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From Loki to lipids: Using modern biology to discover Viking culture

Copyright: IPGGutenbergUKLtd/iStock/Thinkstock

“Very often the answers to big, important, long-debated questions seemed to lie in this material that was right under our noses”, says Dr Steve Ashby, “we just need to find the right techniques to extract it.”

Left to right: Professor Ol Craig (Co-I), Dr Steve Ashby (PI), Dr Gareth Perry (steering group member), Dr Anita Radini (PDRA) and Dr Kris Poole (invited speaker the project’s workshop at International Medieval Conference, Leeds 2016). Copyright: Melting Pot.

For Biology Week, we teamed-up with the Arts and Humanities Research Council (AHRC) to find out more about how modern biology is used in ancient history.

As a medieval archaeologist trained in geology and zooarchaeology, Dr Ashby regularly employs specialist bioscience techniques in his research.

“While I was doing my MSc in Zooarchaeology I became particularly interested in artefacts made of bone - most particularly Viking-Age hair combs. It was while working with combs that I became aware of the potential of applying novel scientific methods to very familiar and often-overlooked material.”

Results from tests at the University of York’s BioArch lab showed that Vikings carried combs as often as weapons, and that they were typically made from deer antler. But there has been some debate amongst archaeologists as to what species of deer the antler belonged to, where they came from, and when the Vikings first stepped on British soil.

“What really interests me is the nexus of archaeological science, social theory, and material culture.”

As part of a team of bioarchaeologists - most notably Matthew Collins, Niels Bohr Professor at the University of Copenhagen and University of York - Dr Ashby used forensic methodologies to devise an innovative technique to differentiate reindeer from red deer antler. Identifying the species of deer the antler belonged to would in turn show where the combs originated from. This indicates when the Vikings first paid a visit to Britain.

Viking braids dating back to C.1000AD, on display at the Nationalmuseet, Copenhagen. Copyright: Natasha Stanton.

“The artefacts never speak to you, but you can read them,” says Dr Ashby, “you just need to find the right technique to do so.”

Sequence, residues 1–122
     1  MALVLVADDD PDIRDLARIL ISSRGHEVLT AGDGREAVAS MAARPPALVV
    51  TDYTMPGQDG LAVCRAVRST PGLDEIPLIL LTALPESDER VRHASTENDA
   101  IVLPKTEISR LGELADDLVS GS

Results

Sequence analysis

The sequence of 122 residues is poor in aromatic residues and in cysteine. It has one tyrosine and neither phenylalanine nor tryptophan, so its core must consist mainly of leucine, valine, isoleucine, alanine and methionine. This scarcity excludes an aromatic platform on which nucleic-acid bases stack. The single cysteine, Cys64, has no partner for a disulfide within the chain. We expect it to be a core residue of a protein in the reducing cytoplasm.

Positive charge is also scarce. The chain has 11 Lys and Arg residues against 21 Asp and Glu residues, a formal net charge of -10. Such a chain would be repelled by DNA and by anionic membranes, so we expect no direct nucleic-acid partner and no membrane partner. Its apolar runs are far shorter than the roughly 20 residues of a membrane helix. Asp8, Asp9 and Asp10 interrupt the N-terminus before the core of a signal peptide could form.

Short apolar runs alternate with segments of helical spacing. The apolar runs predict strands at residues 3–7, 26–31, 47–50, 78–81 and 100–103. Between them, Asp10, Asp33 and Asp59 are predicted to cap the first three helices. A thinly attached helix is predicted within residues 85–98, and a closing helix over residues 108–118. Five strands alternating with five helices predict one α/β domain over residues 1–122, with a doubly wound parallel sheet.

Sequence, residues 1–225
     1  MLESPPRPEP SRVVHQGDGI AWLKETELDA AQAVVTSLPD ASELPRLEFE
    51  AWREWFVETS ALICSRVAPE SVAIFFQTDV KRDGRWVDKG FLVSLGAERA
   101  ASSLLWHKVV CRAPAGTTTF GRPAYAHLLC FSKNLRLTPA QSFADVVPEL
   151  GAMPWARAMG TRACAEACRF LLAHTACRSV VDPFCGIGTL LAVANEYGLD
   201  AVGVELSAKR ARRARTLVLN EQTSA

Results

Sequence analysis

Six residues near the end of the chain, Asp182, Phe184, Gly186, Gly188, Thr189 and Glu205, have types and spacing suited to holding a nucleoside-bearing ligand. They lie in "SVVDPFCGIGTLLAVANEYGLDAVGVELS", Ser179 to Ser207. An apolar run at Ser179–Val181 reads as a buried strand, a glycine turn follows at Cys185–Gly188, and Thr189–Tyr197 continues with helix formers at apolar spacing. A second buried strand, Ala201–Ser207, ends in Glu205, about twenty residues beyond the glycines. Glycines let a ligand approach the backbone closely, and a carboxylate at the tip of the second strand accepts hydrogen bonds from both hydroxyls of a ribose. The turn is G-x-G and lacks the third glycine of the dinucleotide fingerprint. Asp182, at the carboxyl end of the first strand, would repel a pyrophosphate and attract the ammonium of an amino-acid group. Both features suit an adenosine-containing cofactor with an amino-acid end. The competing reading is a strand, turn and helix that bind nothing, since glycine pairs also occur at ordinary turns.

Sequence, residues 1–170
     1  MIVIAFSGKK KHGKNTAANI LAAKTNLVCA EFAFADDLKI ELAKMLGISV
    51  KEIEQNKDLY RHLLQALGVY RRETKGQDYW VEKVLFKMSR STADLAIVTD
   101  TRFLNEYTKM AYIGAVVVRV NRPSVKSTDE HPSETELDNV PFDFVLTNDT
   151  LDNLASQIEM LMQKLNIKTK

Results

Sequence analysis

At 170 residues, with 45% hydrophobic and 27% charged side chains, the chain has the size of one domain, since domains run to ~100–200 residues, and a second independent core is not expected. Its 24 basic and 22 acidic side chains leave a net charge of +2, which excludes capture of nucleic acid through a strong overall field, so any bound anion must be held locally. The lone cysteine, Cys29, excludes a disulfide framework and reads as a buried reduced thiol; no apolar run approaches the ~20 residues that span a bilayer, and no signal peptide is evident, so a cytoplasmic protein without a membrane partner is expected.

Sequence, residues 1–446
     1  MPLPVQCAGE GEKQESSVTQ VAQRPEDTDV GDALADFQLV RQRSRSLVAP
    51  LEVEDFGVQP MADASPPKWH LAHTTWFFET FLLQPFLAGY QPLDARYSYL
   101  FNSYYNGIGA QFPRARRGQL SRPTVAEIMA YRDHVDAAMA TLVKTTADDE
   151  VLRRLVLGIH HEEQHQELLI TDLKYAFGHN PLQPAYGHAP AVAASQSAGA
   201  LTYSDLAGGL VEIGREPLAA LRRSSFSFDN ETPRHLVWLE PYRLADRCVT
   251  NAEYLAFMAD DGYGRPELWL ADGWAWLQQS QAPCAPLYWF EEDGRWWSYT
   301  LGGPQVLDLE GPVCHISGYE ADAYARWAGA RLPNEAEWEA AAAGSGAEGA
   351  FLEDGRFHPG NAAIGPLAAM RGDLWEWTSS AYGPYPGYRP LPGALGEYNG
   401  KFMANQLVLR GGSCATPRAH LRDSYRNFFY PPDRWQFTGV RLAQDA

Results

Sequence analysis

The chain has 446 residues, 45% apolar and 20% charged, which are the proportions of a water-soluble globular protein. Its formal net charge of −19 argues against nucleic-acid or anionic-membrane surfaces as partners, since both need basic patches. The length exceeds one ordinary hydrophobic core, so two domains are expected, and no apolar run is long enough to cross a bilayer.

Now Steve is the principal investigator of the AHRC-funded project Melting Pot, which explores Viking-Age cuisine and society also using cutting-edge archaeological science techniques.

“Food and the ways in which it is prepared and consumed are extremely variable in time and space”, explains Dr Ashby, “and it’s influenced by a wide range of social, cultural, economic and environmental factors.”

With such severe Scandinavian winters, Viking agriculture was fragile. An especially cold winter or particularly heavy rain could decimate crops and kill livestock. Storms could destroy boats used for fishing and trading, and conflict and disease could injure, kill, and displace farmers and their communities. Any one of these factors - or a combination of them - could drastically impact the diet of a Viking - much like the food security issues many parts of the world face today.

Preparing residue samples from pottery excavated at Hungate, York. Copyright: Melting Pot

“Many of the pots preserve evidence for the cooking of meat from domestic mammals - chiefly cattle or sheep - but preserved food crusts also give us a glimpse of the complex mixtures of plant products and cereals that were also included in cooking.”

“The concentrations of lipids we are finding in the pots are extraordinary”, says Dr Ashby, “and there’s a lot of potential for analysis.”

By analysing large numbers of pots, the team at York can compare patterning between different forms of vessels and their usage, and see how this varies over time, place, and social context. Was, for example, food culture in the ‘Scandinavian’ north of England different to that of the ‘Saxon’ south? And what can this tell us about Viking culture and identity more broadly?

“Viking-Age scholars have studied identity from a range of perspectives”, explains Dr Ashby, but food has rarely played a significant role in these discussions.”

This is partly because of the complex and interdisciplinary nature of using biological evidence.

“Faunal remains can tell us about what was being eaten, but only to a limited extent about how it was prepared”, explains Dr Ashby.

The remains of a Viking sickle blade on display at the Museum of Cultural History, Oslo. Copyright: Natasha Stanton

“My idea was that we might be able to see this cultural and social patterning in food if we looked not so much at what was eaten, but at how it was prepared.”

“We are taking sherds of pottery, looking at their shapes and properties, comparing the patterns of wear and sooting on them, identifying the botanical contents of burnt-on food crusts, and extracting fat and wax residues from deep within the ceramics themselves, to see whether they contained meat, fish, or plants.”

Biology is indeed everywhere - and perhaps on your next visit to a cultural or historical site, things of old might shed new light on how you see the living, breathing, wonder that is biology.

To find out more about events and activities happening near you for Biology Week 2017, visit: Royal Society of Biology: What's on in Biology Week 2017.

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Find out more about Dr Ashby’s project Melting Pot.


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Tags: fundamental bioscience biology research feature